This calls for a celebration… Hooray! – The Personal History of David Copperfield, 2020

Happy March everyone. Did you enjoy your extra day of February? We’ll see you in 4 years time, 29th! During the end of January, I saw many films. I know this is a tad late to the party, but here is my review for The Personal History of David Copperfield.

Dev Patel as David Copperfield – The Personal History of David Copperfield, Film 4, 2020

Here is a brief plot summary – The Personal History of David Copperfield is a story of Copperfield’s life, from his youth into adulthood. He has an amazing childhood, with his mother, father and nanny Peggort. When his father dies, his mother remarries a cruel man named Mr Murdstone, who regularly beats him. David is sent to work in Murdstone’s factory, where he isn’t told about his mother ever again. Not until it’s too late. After being told this, David trashes the factory and runs away to his very odd aunt. But things still go wrong for David, when he meets a rather slimy man named Uriah Heep.

Dev Patel as David Copperfield – The Personal History of David Copperfield, Film 4, 2020

I want to talk about the blind casting of this film. Normally, I find that if something is set in a specific time period, blind casting can be jarring. In 1917, I didn’t see the reason for the Indian soldier, as he wouldn’t have been in a regiment that he was placed. It felt like it was just a political correctness thing, a tick box exercise. However, the fact that race does not play large here, no one comments on someone’s race, people are just people, didn’t draw away from my watching of this film. In fact, the fact that people were picked on the talent enhanced the viewing for myself and my family. Dev Patel plays an amazing David Copperfield, and it was like I was watching the story come alive on the screen. I would re-watch this film in a heartbeat. The who’s who of British tv and screen play amazingly on screen for this film, and I really recommend people go see it.

Have you seen David Copperfield? What did you think of the blind casting? Leave a comment below!

‘We are a bunch of ungrateful minxes.’ – Little Women, 2020

*Brushes off the cobwebs and blows dust off of the keyboard* Woops. It’s been a little while. I haven’t gone! I am back. You’ll see me at least once a month from now on. I promise. In fact there may be more than one post this month! I’ve even put an alarm in my phone!

The family wearing the most amazing flower crowns – Little Women, Columbia Pictures, 2019

Anyway, I saw Little Women a couple of weeks ago, and I loved it. I’m going to admit, I’ve never read the book (which I have bought now!) The basic plot (which I feel is allowed to have spoilers seeing as the book is over 150 years old). There are four sisters who the novel forms itself around; in age order they are… Meg, Jo, Beth and Amy. Jo is a teacher in New York, Meg is home tending to her family, Beth is unfortunately very sick and Amy is in Europe learning art. The story revolves around their life, including the relationships with other men – Laurie, a regular man about the town, and John, Laurie’s tutor. What’s interesting is that Jo has been writing their whole life into a book, and she puts it out for publishing. She too calls her book Little Women.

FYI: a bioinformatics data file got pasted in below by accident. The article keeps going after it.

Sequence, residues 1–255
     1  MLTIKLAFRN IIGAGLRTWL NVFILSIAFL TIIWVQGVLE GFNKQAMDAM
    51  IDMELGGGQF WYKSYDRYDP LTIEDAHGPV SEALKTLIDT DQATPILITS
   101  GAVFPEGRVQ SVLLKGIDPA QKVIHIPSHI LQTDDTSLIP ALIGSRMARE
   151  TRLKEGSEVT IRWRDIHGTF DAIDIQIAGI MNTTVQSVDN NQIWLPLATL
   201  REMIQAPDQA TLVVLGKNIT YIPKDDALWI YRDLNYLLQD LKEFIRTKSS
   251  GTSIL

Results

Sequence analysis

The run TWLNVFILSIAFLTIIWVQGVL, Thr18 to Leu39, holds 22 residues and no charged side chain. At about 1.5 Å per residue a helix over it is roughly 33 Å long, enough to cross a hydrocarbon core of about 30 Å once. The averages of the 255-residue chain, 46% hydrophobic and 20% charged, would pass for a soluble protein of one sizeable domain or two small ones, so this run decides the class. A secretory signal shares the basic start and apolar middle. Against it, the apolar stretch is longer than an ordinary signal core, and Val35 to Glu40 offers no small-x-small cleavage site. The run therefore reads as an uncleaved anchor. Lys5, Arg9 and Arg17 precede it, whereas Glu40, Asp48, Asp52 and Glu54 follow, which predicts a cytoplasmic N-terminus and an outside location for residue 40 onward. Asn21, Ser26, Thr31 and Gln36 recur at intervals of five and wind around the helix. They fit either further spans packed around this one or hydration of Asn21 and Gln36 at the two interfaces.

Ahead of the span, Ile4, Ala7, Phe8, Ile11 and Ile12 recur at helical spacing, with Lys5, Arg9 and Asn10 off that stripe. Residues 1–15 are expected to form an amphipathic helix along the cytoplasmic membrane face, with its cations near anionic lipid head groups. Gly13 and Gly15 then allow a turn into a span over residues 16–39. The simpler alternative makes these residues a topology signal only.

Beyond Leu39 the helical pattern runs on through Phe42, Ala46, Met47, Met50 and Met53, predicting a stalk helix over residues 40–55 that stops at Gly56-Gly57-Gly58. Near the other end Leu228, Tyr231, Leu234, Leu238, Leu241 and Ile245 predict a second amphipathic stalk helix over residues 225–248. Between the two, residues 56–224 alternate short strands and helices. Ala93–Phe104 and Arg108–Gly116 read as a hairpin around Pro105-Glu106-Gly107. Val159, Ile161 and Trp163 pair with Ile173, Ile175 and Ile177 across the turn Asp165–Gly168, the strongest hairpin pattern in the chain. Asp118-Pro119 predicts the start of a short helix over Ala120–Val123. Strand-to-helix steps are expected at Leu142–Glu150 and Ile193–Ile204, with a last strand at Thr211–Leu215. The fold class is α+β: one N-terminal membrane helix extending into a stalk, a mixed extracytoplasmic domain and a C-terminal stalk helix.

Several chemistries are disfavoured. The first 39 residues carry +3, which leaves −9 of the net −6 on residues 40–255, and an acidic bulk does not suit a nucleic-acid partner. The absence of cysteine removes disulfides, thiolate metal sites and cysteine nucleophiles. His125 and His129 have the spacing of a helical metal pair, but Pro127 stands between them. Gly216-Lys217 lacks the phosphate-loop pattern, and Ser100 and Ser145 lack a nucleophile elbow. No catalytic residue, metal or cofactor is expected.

Laurie and Amy sharing an intimate moment – Little Women, Columbia Pictures, 2019

I just wanted to warn you that this is going to be an Amy ‘stan’ post. Whilst everyone will tell me that she is a spoilt brat, I really found her to be the most impressive character. And no it’s not just because I am one of Florence Pugh’s biggest fans (though yes, Midsommar is my favourite movie of 2019) but also I found her incredibly relatable. Being the youngest she finds that she cannot go and do the things that her elder sisters do, and I think that she’s really treated like a child and not a young lady, even into her adulthood. Don’t get me wrong, I like Watson as Meg – who decides to marry for love, which means she has no money but she’s with someone she wants to. I love Beth for her caring and loving nature. I also love Jo, for her firey and ambitious nature – for realising what she really wants. But I feel for Amy. She spends her whole life living in the shadow of Jo, trying to live up to Jo, and basically not being Jo. Living in someone’s shadow is not good – and she knows it. So when Laurie admits his feelings for her, she says she’s not being his second pick because Jo won’t have him. She knows what she wants and she won’t be lead down a path she refuses.

What did you think of the film? Did you like it better than the original or the book? Does it deserve an Oscar? Leave a comment down below!

“Need anything?” “Equal rights?” – Solo: A Star Wars Story, 2018

Hello everyone! Happy Monday! Sorry I wasn’t around last week, I was writing this post before I went to Serbia, but something came up and messed my whole week up! I completely forgot to finish! Luckily, it’s still in the cinema now, so this topic is still relevant! A couple weeks ago I said I went to the cinema, and it was to see Solo: A Star Wars Story! Long and short, I really liked it. But I shall tell you guys why! Let’s get into this review!

han-solo-star-wars-filme-spinoff-bilheteria-estreia-170-milhões-dólares

Artwork for Solo featuring Han Solo, Qi’Ra, Lando and Chewie – Solo: A Star Wars Story, Lucasfilm Ltd., 2018

Solo: A Star Wars Story a stand-alone installment set prior to the events of A New Hope, it explores the early adventures of Han Solo and Chewbacca, who also meet a young Lando Calrissian, as they are involved in a heist within the criminal underworld.